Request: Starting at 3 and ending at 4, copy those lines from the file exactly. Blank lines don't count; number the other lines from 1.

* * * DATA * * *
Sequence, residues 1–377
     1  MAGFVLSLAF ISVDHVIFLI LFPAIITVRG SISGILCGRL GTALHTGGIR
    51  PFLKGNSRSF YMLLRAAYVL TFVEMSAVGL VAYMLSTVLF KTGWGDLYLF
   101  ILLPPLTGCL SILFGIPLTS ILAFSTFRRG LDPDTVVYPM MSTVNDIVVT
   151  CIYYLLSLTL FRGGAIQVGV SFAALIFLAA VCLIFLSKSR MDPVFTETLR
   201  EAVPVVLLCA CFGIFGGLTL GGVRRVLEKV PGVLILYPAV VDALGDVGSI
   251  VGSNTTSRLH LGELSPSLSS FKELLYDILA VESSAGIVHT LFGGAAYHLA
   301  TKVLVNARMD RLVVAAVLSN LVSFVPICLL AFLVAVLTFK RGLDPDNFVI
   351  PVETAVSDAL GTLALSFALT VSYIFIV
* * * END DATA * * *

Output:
    51  PFLKGNSRSF YMLLRAAYVL TFVEMSAVGL VAYMLSTVLF KTGWGDLYLF
   101  ILLPPLTGCL SILFGIPLTS ILAFSTFRRG LDPDTVVYPM MSTVNDIVVT